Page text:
Name: Kelsi Horn
Minor: Public Relations
Hometown: Belleville, Michigan
Kelsi Horn is a senior majoring in advertising. She is currently the president of Black Student Alliance. She is also a member of the Alpha Kappa Alpha Sorority Inc. She loves to volunteer and is a member of Daughters of the Collective at MSU. In her free time, she likes to read, draw and write!
What made you choose your majors? Freshman year I was bouncing around between majors because I like politics, I like business, I like to be creative and I like to draw and write, and so I think advertising and public relations kind of encompass all of those things. There’s so many different things you can get into with it, so if I really wanted to get back into politics, then I have that opportunity with public relations, but what really sparked my interest is that part of public relations is advocating on behalf of something that’s not yourself, and that’s just what I like to do in general, so the idea to advocate for someone professionally is just really cool. I could also work for a non-profit organization or a community agency.
What are your hobbies? One of my goals for 2017 is to find some ‘me’ time. I like to read and draw, and I am trying to write that’s not related to school.
What are you currently involved in? I am currently the president of Black Student Alliance — we represent and advocate for the more than 3,000 Black students at MSU. So, I communicate with the administration, other organizations and our community partners to help Black students succeed on campus. Right now we are focusing on increasing our retention in graduation rates and giving students the resources they need to be successful.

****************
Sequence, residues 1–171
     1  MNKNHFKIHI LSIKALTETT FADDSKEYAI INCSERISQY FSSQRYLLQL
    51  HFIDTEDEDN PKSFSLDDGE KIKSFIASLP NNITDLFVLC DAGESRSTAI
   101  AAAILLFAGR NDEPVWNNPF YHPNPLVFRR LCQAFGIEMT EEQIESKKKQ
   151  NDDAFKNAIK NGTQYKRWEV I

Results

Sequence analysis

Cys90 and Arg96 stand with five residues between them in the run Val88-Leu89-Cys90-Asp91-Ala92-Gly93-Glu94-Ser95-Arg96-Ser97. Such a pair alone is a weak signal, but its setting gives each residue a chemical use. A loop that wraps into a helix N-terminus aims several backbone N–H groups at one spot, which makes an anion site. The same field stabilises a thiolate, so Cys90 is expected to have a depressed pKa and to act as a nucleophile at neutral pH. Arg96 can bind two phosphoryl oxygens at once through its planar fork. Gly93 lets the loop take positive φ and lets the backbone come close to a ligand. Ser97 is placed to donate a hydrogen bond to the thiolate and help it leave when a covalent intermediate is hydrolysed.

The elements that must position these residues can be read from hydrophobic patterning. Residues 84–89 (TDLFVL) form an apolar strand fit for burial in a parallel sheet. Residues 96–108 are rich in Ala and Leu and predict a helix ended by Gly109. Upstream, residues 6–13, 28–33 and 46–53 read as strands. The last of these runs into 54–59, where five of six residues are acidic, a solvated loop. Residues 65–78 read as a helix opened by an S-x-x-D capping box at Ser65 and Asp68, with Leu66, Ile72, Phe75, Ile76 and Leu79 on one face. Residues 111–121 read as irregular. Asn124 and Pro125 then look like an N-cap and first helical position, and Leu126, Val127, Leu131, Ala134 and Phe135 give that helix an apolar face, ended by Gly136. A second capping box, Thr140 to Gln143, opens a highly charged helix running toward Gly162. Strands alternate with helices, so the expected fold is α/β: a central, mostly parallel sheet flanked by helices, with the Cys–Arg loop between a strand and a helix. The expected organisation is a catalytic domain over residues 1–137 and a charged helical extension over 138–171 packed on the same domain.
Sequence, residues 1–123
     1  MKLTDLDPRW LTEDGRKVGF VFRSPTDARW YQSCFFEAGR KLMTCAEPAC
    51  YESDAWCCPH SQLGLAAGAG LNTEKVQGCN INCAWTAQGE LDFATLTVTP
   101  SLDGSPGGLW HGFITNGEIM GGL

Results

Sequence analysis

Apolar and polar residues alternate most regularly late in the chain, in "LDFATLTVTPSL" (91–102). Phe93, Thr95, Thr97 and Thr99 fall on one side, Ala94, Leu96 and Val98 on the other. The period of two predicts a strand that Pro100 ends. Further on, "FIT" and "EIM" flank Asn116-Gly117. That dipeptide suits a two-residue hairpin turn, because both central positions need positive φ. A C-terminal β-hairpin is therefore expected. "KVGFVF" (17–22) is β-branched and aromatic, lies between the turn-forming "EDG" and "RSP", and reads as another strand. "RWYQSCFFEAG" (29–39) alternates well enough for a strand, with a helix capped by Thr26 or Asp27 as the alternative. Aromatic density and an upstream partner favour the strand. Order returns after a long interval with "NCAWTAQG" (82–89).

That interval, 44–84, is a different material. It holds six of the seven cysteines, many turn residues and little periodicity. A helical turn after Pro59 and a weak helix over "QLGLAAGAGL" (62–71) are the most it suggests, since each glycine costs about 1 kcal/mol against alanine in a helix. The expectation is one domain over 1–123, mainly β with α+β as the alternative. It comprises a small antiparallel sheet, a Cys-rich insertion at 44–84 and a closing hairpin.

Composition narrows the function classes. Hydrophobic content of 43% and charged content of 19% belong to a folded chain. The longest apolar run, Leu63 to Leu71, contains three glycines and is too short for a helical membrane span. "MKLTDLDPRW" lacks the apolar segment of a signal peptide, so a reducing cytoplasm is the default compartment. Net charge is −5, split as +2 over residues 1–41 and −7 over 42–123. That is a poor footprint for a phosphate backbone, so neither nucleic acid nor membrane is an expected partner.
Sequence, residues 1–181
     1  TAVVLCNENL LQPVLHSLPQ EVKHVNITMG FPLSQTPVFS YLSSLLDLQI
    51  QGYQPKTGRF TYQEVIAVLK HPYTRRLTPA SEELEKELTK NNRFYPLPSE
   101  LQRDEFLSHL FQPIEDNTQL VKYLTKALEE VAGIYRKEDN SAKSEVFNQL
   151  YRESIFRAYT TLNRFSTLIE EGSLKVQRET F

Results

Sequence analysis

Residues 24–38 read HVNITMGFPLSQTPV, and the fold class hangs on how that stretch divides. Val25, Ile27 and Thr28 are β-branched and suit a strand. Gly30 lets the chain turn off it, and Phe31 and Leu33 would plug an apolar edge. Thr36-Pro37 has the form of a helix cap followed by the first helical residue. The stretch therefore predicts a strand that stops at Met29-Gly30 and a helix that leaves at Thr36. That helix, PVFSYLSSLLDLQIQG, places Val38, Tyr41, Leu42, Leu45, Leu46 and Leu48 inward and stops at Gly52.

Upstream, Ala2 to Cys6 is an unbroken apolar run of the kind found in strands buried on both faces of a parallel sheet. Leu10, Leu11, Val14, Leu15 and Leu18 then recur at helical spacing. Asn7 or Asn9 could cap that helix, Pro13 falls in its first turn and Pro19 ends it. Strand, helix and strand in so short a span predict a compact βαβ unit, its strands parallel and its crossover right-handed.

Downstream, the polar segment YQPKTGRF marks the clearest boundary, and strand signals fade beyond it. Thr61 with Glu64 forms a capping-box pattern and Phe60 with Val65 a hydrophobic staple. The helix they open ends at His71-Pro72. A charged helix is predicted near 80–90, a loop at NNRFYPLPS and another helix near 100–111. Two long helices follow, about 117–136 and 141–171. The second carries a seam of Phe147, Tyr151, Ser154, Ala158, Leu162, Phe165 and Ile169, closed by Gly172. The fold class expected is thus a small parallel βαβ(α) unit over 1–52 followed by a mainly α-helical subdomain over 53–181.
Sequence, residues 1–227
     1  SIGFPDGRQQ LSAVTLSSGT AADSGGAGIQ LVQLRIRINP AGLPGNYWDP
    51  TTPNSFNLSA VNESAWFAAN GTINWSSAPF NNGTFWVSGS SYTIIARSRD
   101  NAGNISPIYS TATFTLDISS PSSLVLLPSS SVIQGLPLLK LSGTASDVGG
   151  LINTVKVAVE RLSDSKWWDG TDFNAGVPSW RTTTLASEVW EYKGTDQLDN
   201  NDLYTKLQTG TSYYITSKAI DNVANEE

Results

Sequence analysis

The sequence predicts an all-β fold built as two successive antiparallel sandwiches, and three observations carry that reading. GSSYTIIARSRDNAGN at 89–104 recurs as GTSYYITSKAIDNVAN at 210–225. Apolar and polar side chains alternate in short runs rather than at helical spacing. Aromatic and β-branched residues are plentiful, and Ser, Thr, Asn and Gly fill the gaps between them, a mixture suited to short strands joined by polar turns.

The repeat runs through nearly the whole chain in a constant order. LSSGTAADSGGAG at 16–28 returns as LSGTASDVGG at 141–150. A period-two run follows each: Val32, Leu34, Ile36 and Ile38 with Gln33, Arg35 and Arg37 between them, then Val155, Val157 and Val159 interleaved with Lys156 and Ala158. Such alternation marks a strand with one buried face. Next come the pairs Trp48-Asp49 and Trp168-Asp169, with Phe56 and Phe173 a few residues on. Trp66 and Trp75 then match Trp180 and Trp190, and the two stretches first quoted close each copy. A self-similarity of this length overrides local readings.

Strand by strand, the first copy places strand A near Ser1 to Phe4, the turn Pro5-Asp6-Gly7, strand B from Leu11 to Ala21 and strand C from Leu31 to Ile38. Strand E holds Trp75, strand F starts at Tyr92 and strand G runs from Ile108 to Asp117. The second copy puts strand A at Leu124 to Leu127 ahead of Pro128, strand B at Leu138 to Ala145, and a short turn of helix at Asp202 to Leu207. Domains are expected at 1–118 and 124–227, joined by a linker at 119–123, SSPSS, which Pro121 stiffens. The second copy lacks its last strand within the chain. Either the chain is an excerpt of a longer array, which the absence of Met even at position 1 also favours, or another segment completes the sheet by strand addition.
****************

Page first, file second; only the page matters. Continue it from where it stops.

I am a resident assistant at Mcdonel — this is my third year there. I am in Alpha Kappa Alpha Sorority, Inc. I am a part of its public relations team as well as other committees. We are a community service based organization, so we try to uplift the community however we can.
I am also a part of Daughters of Collective. We meet with middle school-aged girls, some from Detroit and some from inner-Lansing, and we focus on their self esteem, finding ways to motivate and empower them because a lot of them don’t have stable at home lives, give them something to look forward to, expose them to arts and other things they might be interested in and just give them positive images of Black girls.
Do you consider yourself a feminist? I don’t consider myself a radical, but yes, I wholeheartedly believe in gender equality and that women run the world!
As a senior, what do you think will be the most important thing you’ll be taking away from MSU? To be curious and meet people and find answers to your questions. Everyone kind of has preconceived notions about so many things, people or cultures, and unless you get out of your bubble and your safety net, then you will continue to live with these stereotypes and really not learn a lot of things. So, that’s what I have learned, to branch out, expose myself to something that I am not used to, get comfortable with the uncomfortable, and it’s really helped me grow as a person and learn about myself in the process.